Advertisements for “Made in USA” products are proliferating on social media. Brands are using social media to tap into the emotional need to support the domestic economy with goods that are “Made in America.” Last month, Martha Stewart’s company took to social media to promote its “American Made” awards, spotlighting the “next generation of great American Makers.”
Darn Tough Vermont, a sock company, has adopted a pervasive social media marketing strategy, promoting its “Made in USA” label as a selling point. But what are the legal implications of claiming your product is American made? Brands creating social media campaigns that tout their products as American made should be conversant with the FTC’s “Made in America” standard, particularly since the agency announced new enforcement of its policy just last month. (For a concise Q&A about the FTC’s standard, click here.)
The FTC has ruled consistently that consumers prefer to buy products at home here in America. Furthermore, consumers expect “Made in USA” or any derivative claims (e.g. “American made”; “Made in America” or use of American flag) to mean that a product is virtually entirely American made. To prevent consumer confusion, the FTC’s policy requires substantiation for US origin claims based on an “all or virtually all” standard. If a product is merely assembled here, but uses imported goods, an American origin claim would be improper. If a manufacturer is advertising a product as made in America, it should only contain a “de minimis, or negligible, amount of foreign content.”
Since reasserting its standards in 1997, the FTC has steadily enforced its origin claims’ policy. Its settlements have affected a variety of industries, including consumer goods companies, component part manufacturers, cosmetics companies, and over-the-counter pharmaceuticals companies. The settlements have barred American origin claims, assessed monetary damages (e.g. $205,000 against The Stanley Works, a tool manufacturer), and required ongoing monitoring by the FTC.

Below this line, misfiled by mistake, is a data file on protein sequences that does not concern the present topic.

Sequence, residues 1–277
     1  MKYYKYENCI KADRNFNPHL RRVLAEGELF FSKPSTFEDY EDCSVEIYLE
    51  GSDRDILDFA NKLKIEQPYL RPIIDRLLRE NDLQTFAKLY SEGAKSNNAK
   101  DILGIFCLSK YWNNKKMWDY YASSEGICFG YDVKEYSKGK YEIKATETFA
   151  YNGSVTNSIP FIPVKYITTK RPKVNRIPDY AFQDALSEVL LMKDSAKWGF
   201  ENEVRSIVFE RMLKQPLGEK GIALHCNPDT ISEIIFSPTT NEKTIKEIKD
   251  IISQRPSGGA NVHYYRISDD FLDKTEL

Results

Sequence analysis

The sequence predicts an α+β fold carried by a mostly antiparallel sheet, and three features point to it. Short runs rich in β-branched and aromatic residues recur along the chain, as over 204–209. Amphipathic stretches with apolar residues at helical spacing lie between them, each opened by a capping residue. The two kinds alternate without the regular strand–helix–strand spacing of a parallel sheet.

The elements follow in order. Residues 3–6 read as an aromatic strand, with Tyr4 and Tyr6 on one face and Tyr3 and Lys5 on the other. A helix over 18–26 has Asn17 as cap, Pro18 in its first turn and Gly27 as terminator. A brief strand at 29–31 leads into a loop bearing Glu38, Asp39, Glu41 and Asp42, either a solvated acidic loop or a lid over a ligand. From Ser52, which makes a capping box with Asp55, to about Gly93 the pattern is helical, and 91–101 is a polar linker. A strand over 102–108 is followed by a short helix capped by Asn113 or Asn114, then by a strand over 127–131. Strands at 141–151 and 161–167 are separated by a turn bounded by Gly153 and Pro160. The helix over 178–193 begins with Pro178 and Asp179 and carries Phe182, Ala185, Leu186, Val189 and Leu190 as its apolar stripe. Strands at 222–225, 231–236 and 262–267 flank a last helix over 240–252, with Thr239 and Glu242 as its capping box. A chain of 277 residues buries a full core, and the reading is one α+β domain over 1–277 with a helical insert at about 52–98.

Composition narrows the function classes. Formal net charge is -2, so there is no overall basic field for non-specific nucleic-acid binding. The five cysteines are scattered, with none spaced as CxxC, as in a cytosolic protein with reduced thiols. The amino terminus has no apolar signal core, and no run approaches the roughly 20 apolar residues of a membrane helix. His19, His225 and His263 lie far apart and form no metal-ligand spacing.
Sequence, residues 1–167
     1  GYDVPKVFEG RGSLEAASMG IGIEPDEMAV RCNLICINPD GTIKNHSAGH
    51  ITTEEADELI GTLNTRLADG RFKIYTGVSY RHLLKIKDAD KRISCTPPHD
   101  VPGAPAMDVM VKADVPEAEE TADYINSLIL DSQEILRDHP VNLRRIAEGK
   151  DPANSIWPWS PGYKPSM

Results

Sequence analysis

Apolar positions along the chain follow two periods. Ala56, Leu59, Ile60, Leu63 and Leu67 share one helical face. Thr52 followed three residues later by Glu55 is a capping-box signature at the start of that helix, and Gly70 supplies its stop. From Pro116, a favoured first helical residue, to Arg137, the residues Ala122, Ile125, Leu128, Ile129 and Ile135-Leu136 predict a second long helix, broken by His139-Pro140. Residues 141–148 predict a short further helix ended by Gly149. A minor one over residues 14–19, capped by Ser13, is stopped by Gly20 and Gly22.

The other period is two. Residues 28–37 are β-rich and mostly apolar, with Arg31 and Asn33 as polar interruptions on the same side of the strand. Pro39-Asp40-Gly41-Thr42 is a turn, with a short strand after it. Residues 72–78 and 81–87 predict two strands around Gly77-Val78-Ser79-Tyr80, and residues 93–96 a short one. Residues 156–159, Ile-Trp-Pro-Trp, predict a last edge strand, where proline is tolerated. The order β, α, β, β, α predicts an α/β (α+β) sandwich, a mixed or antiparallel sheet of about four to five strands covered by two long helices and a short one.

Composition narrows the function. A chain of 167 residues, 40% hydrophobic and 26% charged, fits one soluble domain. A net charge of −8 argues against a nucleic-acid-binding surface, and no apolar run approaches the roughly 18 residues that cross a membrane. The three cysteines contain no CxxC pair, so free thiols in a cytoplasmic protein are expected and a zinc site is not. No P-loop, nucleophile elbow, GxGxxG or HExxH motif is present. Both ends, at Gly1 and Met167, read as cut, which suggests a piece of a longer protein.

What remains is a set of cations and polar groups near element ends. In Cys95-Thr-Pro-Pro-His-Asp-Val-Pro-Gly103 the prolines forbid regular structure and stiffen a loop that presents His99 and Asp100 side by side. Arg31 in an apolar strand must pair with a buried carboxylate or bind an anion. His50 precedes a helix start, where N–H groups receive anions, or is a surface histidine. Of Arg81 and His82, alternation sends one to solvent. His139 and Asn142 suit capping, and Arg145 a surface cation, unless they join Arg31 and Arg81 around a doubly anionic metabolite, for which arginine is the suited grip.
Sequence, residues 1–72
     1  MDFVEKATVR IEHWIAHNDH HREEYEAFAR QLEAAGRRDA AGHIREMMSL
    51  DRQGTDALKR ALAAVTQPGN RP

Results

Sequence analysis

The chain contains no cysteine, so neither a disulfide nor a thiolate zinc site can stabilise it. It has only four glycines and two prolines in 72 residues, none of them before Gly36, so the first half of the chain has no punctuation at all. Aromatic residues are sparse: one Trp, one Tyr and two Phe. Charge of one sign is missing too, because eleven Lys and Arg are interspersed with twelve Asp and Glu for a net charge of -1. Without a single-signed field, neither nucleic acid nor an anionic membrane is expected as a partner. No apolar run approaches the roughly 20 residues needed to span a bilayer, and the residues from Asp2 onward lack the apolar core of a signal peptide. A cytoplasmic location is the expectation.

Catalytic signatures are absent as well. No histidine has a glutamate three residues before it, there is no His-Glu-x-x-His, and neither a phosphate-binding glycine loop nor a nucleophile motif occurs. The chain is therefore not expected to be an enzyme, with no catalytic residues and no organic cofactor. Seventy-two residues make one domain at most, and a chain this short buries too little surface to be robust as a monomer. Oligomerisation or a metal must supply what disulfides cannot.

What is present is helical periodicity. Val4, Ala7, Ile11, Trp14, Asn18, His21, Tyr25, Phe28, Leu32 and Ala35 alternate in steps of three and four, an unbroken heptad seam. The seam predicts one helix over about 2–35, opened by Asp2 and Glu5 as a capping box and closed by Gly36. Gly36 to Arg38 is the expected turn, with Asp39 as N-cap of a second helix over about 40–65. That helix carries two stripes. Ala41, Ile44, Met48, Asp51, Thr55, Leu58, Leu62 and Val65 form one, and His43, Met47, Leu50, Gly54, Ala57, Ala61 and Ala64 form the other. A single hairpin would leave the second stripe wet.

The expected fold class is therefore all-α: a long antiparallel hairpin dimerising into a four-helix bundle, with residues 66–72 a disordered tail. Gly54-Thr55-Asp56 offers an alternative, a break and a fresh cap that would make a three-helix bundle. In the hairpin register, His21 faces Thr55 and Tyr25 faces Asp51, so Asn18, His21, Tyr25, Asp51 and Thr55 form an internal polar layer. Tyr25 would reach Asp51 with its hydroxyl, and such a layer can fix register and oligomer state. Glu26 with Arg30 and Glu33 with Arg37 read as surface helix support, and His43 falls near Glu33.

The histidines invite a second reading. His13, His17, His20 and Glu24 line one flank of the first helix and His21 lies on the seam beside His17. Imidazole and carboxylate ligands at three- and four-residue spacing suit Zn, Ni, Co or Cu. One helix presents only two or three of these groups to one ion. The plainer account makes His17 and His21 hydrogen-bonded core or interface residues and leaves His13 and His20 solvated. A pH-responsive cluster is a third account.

In October, 2013, the FTC announced a settlement with E.K. Ekcessories in Utah, an outdoor accessories manufacturer, for its advertisements that include a “Made in the USA” claim and a photo of the American flag hugged by the words “Truly Made in the USA.” The FTC asserted that these claims are false and misleading because the company imports many of its products and component parts. The FTC’s press release explains, “According to the Commission’s 1997 U.S. Origin Claims Enforcement Policy Statement, for a product to be advertised or labeled as “Made in the U.S.A,” the product must be “all or virtually all” made in the United States – that is, all significant parts and processing must be of U.S. origin, and the product should contain no (or negligible) foreign content.”
The consent order obligates the company to notify its distributors of the settlement and ask them to stop using marketing materials containing the claim. The distributors even had to cover up claims of this sort on already printed packaging materials with stickers. This last measure is unusual for the FTC because the products are already in the distribution chain.
In another case last month, the National Advertising Division (“NAD”) of the Better Business Bureau enforced the FTC’s standards on qualifiers. The FTC policy statement explains that U.S. origin claims may be qualified to avoid consumer deception. Examples given in the Policy Statement are: “Made in USA of U.S. and imported parts”, “60% U.S. content”, “Made in USA from imported leather”, or “Made in USA from French components.” Assuming such qualifications are prominent, clear, truthful, and capable of substantiation, the FTC will accept them regardless of form.
The NAD commented on the concept of prominence while investigating STIHL Incorporated’s “Built in America” claim in national advertising. STIHL had qualified its claim with a footnote that declared, “A majority of STIHL Products are built in the United States from domestic and foreign components.” While the NAD found that the qualifier sufficient to explain the claim, it took issue with its disclosure in “mice type.” The NAD recommended “making [the claim] substantially larger and placing it in close proximity to the triggering claim.” (For a more detailed discussion of what clear and conspicuous and prominent mean in advertising online, click here.)
With two cases enforcing the FTC’s policies on “Made in USA” just last month, now is the time for brands to become aware of the requisite standards when promoting products are American made in social media.